• Goldenrod (Solidago virgaurea) - used topically in traditional herbal medicine to reduce inflammation of hemorrhoids.
  • Gotu kola (Centella asiatica) - used for venous insufficiency, pooling of blood in different locations such as the legs.
  • Grape seed (Vitis vinifera) - used by European folk healers to stop bleeding, inflammation, and pain, such as the kind brought on by hemorrhoids.
  • Roman Chamomile (Chamaemelum nobile) - This herb may reduce inflammation associated with hemorrhoids.
  • St. John's Wort (Hypericum perforatum) - applied topically, may prove to be beneficial for reducing pain and inflammation from hemorrhoids.
  • Yarrow (Achillea millefolium) -- popular in European folk medicine, this herb has traditionally been used to treat wounds and bleeding hemorrhoids.


Although very few studies have examined the effectiveness of specific homeopathic therapies, professional homeopaths may consider the following remedies for the treatment of hemorrhoids based on their knowledge and experience. Before prescribing a remedy, homeopaths take into account a person's constitutional type. A constitutional type is defined as a person's physical, emotional, and psychological makeup. An experienced homeopath assesses all of these factors when determining the most appropriate treatment for each individual. The following are examples of remedies from which a homeopath might select to treat someone with hemorrhoids.

  • Aesculus for burning hemorrhoids with a sensation of a lump in anus that feels worse when walking
  • Aloe for a sensation of pulsation in the rectum with large, external hemorrhoids
  • Collinsonia for chronic, itchy hemorrhoids with constipation
  • Hamamelis for large bleeding hemorrhoids with a raw feeling

Other Considerations
Prognosis and Complications

Most treatments for hemorrhoids are very effective. Talk with your provider if the hemorrhoids are still a problem after one to two weeks. To prevent the hemorrhoids from coming back, you will need to maintain a high-fiber diet and drink plenty of fluids.This is especially important if you get hemorrhoids often.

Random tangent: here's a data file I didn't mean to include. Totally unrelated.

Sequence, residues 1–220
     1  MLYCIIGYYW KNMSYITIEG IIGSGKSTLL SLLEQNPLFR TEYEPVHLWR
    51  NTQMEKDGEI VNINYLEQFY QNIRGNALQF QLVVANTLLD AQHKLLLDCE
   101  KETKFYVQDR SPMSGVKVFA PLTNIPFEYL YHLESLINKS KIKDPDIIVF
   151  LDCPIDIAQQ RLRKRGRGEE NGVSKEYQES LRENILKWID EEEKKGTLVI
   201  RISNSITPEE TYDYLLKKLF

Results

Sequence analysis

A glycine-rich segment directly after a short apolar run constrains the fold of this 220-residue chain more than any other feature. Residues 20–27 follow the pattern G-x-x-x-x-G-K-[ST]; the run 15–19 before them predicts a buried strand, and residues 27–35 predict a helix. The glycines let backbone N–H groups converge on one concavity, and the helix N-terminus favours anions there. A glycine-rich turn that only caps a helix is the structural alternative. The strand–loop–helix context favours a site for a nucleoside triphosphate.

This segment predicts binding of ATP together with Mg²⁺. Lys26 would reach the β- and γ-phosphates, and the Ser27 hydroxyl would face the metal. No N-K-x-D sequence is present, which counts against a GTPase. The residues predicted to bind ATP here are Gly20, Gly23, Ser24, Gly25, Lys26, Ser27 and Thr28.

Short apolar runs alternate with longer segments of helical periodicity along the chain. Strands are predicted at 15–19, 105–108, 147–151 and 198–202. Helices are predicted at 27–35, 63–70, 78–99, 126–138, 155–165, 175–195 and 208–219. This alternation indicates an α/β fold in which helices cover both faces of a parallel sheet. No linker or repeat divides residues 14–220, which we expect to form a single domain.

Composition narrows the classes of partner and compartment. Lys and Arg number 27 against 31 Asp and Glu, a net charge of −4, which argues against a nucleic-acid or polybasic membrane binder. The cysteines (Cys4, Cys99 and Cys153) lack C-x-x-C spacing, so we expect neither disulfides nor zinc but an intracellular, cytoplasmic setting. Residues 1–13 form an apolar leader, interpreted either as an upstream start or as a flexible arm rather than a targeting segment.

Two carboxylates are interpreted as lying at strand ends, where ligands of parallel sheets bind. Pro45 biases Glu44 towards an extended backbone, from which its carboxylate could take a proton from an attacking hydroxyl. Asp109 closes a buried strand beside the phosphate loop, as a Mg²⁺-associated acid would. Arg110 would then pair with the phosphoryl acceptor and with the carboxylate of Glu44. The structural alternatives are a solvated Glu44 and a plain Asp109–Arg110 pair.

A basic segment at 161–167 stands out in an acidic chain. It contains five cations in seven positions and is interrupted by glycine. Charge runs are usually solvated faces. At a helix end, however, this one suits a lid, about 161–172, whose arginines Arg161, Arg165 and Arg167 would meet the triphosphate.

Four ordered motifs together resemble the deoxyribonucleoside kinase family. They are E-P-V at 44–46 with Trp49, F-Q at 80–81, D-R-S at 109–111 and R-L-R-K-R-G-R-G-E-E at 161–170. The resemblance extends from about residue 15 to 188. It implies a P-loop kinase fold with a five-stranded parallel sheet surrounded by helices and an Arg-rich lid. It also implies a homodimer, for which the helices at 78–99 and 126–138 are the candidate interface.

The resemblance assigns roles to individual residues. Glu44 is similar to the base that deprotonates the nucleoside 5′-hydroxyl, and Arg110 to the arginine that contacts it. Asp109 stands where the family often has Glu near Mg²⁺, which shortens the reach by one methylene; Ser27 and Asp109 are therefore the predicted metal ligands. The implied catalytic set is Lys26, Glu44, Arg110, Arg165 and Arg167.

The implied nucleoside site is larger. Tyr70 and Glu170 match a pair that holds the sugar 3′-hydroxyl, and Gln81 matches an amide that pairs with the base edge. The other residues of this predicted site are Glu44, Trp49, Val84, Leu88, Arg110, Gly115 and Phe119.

The blood in the enlarged veins may form clots, and the tissue surrounding the hemorrhoids can die. Hemorrhoids with clots generally require surgical removal.

Severe bleeding may also occur. Iron deficiency anemia can result from prolonged loss of blood. Significant bleeding from hemorrhoids is unusual, however.

Supporting Research

Duke JA. The Green Pharmacy. Emmaus, Pa: Rodale Press; 1997.

Goldstein L. Ask the midwife. Prevention and care of hemorrhoids, including homeopathic remedies. Birth Gaz. 2000;16(2):13-16.

Gray DS. The clinical uses of dietary fiber. Am Fam Physician. 1995;51(2):419-426.

Gruenwald J, Brendler T, Jaenicke C, et al., eds. PDR for Herbal Medicines. Montvale, NJ: Medical Economics Co; 1998.

Kruzel T. The Homeopathic Emergency Guide. Berkeley, Calif: North Atlantic Books; 1992:181-183.

Lyseng-Williamson KA, Perry CM. Micronised purified flavonoid fraction: a review of its use in chronic venous insufficiency, venous ulcers, and haemorrhoids. Drugs. 2003;63(1):71-100.

MacKay D. Hemorrhoids and varicose veins: a review of treatment options. Altern Med Rev. 2001;6(2):126-140.

Misra MC, Parshad R. Randomized clinical trial of micronized flavonoids in the early control of bleeding from acute internal haemorrhoids. Br J Surg. 2000;87(7):868-872.

Review Date: April 2004
Reviewed By: Participants in the review process include: Jacqueline A. Hart, MD, Department of Internal Medicine Shiva Barton, ND, Wellspace, Cambridge, MA.

Copyright © 2004 A.D.A.M., Inc

The publisher does not accept any responsibility for the accuracy of the information or the consequences arising from the application, use, or misuse of any of the information contained herein, including any injury and/or damage to any person or property as a matter of product liability, negligence, or otherwise. No warranty, expressed or implied, is made in regard to the contents of this material. No claims or endorsements are made for any drugs or compounds currently marketed or in investigative use. This material is not intended as a guide to self-medication. The reader is advised to discuss the information provided here with a doctor, pharmacist, nurse, or other authorized healthcare practitioner and to check product information (including package inserts) regarding dosage, precautions, warnings, interactions, and contraindications before administering any drug, herb, or supplement discussed herein.